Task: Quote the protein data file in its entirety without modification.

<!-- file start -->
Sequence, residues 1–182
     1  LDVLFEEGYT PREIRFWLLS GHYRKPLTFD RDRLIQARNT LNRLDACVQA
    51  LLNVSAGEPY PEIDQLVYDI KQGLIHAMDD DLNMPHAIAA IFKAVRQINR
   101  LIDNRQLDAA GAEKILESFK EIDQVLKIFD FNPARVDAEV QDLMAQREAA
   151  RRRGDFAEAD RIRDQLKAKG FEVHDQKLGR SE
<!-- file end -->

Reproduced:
Sequence, residues 1–182
     1  LDVLFEEGYT PREIRFWLLS GHYRKPLTFD RDRLIQARNT LNRLDACVQA
    51  LLNVSAGEPY PEIDQLVYDI KQGLIHAMDD DLNMPHAIAA IFKAVRQINR
   101  LIDNRQLDAA GAEKILESFK EIDQVLKIFD FNPARVDAEV QDLMAQREAA
   151  RRRGDFAEAD RIRDQLKAKG FEVHDQKLGR SE